PEASE: So you can see we have every treatment area filled up – beds along the hallways, and rooms are all full.

GOODWYN: Last year, it cost Parkland Hospital a staggering three-quarters of a billion dollars to provide what is called uncompensated care – mostly treating patients without health insurance. Parkland is hardly some 90-pound weakling, but $765 million of red ink will strain any sized hospital.

Dallas County Judge Clay Jenkins oversees the county hospital. He says it doesn't have to be this way.

JUDGE CLAY JENKINS: A huge chunk of that could be paid for. It's about $580 million a year that would be brought in by the Medicaid expansion monies.

GOODWYN: Statewide, Texas hospitals had to eat five and a half billion dollars in uncompensated care last year. The reason is this: after the Affordable Care Act passed, the amount of money the federal government provides to hospitals for uncompensated care was significantly reduced. It's cause and effect: if nine out of ten Americans have health insurance, the amount of uncompensated care hospitals have to provide goes down. But when the U.S. Supreme Court gave the individual states the option to opt out of part of the Affordable Care Act, then-Texas Governor Rick Perry could not opt out fast enough.

FORMER TEXAS GOVERNOR RICK PERRY: Thank you all for being here. And the first day of April seems to me an appropriate April Fools' Day – makes it perfect to discuss something as foolish as Medicaid expansion.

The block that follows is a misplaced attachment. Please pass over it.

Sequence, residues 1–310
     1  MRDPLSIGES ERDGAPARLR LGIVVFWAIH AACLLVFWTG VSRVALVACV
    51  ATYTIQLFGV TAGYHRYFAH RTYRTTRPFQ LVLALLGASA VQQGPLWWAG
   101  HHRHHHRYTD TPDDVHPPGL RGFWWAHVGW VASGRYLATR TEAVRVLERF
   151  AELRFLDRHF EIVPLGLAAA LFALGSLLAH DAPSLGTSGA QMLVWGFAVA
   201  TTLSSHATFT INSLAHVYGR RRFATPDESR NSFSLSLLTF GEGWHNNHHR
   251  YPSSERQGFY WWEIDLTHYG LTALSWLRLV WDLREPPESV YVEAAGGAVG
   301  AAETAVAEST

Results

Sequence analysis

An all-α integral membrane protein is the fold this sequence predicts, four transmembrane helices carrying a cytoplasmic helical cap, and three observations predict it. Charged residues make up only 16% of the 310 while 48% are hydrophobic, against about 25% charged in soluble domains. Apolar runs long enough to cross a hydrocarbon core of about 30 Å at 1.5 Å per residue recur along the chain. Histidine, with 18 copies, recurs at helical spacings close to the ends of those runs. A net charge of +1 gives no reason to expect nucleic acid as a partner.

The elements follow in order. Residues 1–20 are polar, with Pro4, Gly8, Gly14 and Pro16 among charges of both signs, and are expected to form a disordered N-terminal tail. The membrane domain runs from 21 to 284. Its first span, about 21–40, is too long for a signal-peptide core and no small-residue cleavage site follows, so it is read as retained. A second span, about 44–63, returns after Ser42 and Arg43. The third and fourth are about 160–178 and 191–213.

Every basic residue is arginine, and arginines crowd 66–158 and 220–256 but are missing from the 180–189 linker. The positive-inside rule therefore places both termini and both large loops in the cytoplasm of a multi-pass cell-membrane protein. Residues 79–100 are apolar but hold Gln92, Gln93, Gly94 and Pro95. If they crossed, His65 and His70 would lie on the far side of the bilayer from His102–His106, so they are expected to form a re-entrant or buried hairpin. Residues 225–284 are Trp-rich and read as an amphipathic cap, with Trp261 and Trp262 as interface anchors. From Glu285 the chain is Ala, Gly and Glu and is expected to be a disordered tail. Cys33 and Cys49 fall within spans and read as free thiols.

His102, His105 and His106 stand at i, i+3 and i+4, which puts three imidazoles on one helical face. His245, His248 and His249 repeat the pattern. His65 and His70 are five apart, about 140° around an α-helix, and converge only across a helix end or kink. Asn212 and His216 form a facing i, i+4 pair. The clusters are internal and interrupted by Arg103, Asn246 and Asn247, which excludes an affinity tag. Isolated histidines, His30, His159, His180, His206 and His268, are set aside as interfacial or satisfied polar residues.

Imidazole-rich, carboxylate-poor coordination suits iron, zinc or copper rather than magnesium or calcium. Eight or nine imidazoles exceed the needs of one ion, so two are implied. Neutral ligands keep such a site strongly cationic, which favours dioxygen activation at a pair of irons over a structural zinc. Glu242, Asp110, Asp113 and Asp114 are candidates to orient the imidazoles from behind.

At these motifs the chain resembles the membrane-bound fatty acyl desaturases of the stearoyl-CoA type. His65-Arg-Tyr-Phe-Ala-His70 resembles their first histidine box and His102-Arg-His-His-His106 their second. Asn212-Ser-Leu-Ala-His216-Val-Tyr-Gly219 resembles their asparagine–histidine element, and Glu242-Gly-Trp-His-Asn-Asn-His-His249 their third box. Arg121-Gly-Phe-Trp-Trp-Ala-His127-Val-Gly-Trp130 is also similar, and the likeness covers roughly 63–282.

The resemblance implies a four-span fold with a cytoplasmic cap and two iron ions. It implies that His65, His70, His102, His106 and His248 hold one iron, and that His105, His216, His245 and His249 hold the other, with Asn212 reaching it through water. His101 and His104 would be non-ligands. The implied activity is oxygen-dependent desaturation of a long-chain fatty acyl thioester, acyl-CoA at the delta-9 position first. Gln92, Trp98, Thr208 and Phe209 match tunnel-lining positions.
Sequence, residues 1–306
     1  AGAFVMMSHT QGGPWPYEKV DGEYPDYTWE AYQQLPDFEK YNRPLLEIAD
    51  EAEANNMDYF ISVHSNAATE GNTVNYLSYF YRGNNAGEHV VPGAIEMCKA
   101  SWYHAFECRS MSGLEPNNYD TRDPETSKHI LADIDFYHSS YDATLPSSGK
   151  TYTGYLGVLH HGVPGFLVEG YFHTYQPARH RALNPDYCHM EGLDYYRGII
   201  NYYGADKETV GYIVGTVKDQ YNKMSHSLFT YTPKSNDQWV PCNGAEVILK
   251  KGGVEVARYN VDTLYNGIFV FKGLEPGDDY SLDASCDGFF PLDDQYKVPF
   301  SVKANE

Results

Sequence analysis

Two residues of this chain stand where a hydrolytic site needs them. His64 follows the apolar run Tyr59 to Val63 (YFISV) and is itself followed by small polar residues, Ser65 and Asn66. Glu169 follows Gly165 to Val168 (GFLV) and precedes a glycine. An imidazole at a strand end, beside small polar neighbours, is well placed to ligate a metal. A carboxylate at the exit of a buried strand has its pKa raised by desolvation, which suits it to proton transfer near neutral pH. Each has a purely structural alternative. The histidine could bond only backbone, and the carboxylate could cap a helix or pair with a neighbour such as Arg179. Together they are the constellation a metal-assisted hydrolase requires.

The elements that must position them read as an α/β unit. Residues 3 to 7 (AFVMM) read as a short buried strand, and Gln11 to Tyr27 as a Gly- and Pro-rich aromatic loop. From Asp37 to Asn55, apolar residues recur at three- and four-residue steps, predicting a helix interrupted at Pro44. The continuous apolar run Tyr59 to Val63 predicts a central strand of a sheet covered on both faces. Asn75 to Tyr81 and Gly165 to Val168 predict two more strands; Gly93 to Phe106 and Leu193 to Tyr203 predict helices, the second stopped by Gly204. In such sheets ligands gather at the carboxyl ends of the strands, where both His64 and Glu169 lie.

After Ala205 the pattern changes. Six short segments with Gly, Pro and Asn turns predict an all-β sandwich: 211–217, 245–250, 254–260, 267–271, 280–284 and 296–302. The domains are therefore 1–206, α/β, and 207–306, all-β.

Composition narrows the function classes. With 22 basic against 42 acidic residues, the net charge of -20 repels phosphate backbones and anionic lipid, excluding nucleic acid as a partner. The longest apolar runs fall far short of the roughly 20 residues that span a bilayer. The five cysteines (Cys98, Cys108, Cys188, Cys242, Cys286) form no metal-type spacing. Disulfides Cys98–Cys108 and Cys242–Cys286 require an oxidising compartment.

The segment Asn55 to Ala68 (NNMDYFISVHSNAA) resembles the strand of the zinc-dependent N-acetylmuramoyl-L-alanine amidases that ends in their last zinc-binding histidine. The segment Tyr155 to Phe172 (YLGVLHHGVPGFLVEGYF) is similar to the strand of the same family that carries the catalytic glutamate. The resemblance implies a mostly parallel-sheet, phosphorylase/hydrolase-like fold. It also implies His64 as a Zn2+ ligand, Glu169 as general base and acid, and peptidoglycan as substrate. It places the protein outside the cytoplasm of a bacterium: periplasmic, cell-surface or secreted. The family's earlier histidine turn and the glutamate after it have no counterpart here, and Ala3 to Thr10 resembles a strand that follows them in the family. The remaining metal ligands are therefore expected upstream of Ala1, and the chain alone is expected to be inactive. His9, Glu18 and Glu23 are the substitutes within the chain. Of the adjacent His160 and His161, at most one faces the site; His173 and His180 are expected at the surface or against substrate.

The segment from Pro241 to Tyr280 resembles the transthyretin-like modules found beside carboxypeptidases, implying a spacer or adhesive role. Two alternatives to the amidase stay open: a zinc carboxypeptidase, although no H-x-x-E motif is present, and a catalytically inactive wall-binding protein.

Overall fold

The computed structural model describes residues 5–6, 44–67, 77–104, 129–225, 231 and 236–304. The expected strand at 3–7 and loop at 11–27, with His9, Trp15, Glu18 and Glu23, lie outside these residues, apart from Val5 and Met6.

GOODWYN: In 2013, while contemplating a second run at the presidency, Perry had a message for Tea Party conservatives across the nation.

PERRY: And to remind everyone that Texas will not be held hostage by the Obama administration's attempt to force us into this fool's errand of adding more than a million Texans to a broken system.

GOODWYN: Perry's speech that day was a clear message to the Republican-dominated state legislature: Medicaid expansion is part of ObamaCare, and Texas hates ObamaCare. The problem is, in hating the Affordable Care Act, the state is leaving on the table as much as a hundred billion dollars of federal money over ten years – money that would pay for health insurance for more than a million of its working poor. This is driving many in the state's business community bonkers.

BILL HAMMOND, CEO, TEXAS ASSOCIATION OF BUSINESS: It's our money that we are sending to Washington, D.C. We are not getting it back.

GOODWYN: Bill Hammond is the CEO of the Texas Association of Business, which includes many of the state's richest and most powerful business owners.